Alberto’s theory is that Brazilians are de facto Buddhists. Because their lives can’t be planned, they realize they have no control over the future–they are much better at focusing on the moment. Pleasure is better than pain, Alberto said to me. And I though, how simple and true! (Certainly that’s true with regard to Brazilian men–they are very good at focusing on the pleasure of the present moment when they see a woman they want to kiss.)

In some fundamental way of the universe, Alberto is absolutely right; we pretend to ourselves that we have control in the U.S. and Europe, but at any time, an accident could happen, a spouse could leave, a lottery ticket could prove to be the winner. According to his theory, our stable lives always leave pleasure for the future–in a stable day to day life, you know where you are going the next day, and the next day, and life becomes more routine, less spontaneous and pleasure-filled.

I read somewhere a long time ago that one of the cornerstones of mental health is to feel control over your life. I always believed that to be true. That when I feel in control of my destiny, my environment, and know that I have enough money in the bank to cover my bills, my mental health is more stable. It’s fascinating to me to think that these people seem happier than I am on a daily basis but they live with such insecurity. On the other hand, people in many other countries live with great insecurity too. How happy are they?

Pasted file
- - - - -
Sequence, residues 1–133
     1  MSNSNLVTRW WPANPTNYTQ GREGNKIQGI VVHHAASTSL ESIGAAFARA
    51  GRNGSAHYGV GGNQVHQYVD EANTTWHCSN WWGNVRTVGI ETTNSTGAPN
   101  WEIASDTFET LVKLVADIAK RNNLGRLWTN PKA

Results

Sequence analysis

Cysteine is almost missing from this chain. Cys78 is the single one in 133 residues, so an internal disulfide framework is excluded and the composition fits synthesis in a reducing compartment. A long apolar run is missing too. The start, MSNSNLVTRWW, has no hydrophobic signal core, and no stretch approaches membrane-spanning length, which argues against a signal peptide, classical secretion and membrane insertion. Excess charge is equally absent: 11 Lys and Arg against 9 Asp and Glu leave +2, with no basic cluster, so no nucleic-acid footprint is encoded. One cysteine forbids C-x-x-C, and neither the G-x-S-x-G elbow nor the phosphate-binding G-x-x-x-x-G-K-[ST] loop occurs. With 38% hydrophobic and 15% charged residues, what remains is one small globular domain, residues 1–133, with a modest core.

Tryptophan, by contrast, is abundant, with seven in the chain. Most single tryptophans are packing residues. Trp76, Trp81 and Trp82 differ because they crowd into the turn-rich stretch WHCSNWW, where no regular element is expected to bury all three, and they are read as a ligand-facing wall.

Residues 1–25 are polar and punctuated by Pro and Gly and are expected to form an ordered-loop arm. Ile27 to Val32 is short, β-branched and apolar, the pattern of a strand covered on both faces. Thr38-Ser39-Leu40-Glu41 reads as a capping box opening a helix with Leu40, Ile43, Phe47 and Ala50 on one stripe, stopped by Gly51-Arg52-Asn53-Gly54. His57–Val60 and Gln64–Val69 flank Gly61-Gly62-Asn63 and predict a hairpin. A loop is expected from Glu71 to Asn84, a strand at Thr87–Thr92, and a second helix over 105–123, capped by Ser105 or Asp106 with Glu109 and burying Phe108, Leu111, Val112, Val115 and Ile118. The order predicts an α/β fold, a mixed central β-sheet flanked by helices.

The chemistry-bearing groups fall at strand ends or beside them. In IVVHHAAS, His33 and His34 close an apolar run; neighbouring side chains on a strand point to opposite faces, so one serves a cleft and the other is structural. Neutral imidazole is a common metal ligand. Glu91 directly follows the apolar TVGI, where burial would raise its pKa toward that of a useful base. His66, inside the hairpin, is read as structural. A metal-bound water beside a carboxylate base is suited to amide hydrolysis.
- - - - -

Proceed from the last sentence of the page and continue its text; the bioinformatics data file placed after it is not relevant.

And then there’s the mask of Brazilian happiness. I wonder what’s really going on when people go home for the night from the samba party. When I got back to Rio from my two-week trip to Nova Friburgo, Petropolis, Paraty, and Sao Paolo, I bumped into the expatriate crew in Santa Teresa. These are young women from England and Norway who who have settled here and are teaching English. I shared some of my frustrations with Rio, that it can be hard to feel connected here in a city where everything is about fun, fun, fun, and everyone is always wearing this joyous smile. They have had Carioca boyfriends, so they have gotten in a little deeper than I have, in a sense. They talked about the mask of happiness in Rio, that’s all tudo bem, jovial smiles out at the bar, but when they get home, their boyfriends expressed a real lack of trust in anyone, and seemed awfully depressed, not wanting to go out. Obviously, this is an anecdotal hearsay, but I do think there’s something to that, the way people present themselves out in public here has to be different from what they really feel inside.

I adore the joy here, but it does me a lot of good to talk with English people who are more culturally similar to my friends in San Francisco. We are more unafraid to talk about our problems and get in there and analyze them, look for solutions. Perhaps this happens among intimate friends in Brazil, but it has only happened with me once–with my dear friend Natalia in Florianopolis. She too thought that Brazilians have a problem with talking about their problems. I felt closer and more comfortable with her ultimately than any other Brazilian woman that I have met traveling, yet.